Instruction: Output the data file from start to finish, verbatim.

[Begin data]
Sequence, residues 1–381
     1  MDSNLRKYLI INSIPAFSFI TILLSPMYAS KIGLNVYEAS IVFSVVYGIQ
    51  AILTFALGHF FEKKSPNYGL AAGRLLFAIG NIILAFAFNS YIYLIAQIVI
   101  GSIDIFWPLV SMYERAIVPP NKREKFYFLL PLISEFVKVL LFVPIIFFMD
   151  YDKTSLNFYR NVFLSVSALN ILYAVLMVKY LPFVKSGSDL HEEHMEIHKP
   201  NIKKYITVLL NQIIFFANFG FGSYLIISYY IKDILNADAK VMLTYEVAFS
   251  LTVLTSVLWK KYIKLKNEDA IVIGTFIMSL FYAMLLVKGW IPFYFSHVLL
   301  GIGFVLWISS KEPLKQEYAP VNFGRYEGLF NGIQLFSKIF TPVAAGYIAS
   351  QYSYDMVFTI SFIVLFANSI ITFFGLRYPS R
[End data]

Sequence, residues 1–381
     1  MDSNLRKYLI INSIPAFSFI TILLSPMYAS KIGLNVYEAS IVFSVVYGIQ
    51  AILTFALGHF FEKKSPNYGL AAGRLLFAIG NIILAFAFNS YIYLIAQIVI
   101  GSIDIFWPLV SMYERAIVPP NKREKFYFLL PLISEFVKVL LFVPIIFFMD
   151  YDKTSLNFYR NVFLSVSALN ILYAVLMVKY LPFVKSGSDL HEEHMEIHKP
   201  NIKKYITVLL NQIIFFANFG FGSYLIISYY IKDILNADAK VMLTYEVAFS
   251  LTVLTSVLWK KYIKLKNEDA IVIGTFIMSL FYAMLLVKGW IPFYFSHVLL
   301  GIGFVLWISS KEPLKQEYAP VNFGRYEGLF NGIQLFSKIF TPVAAGYIAS
   351  QYSYDMVFTI SFIVLFANSI ITFFGLRYPS R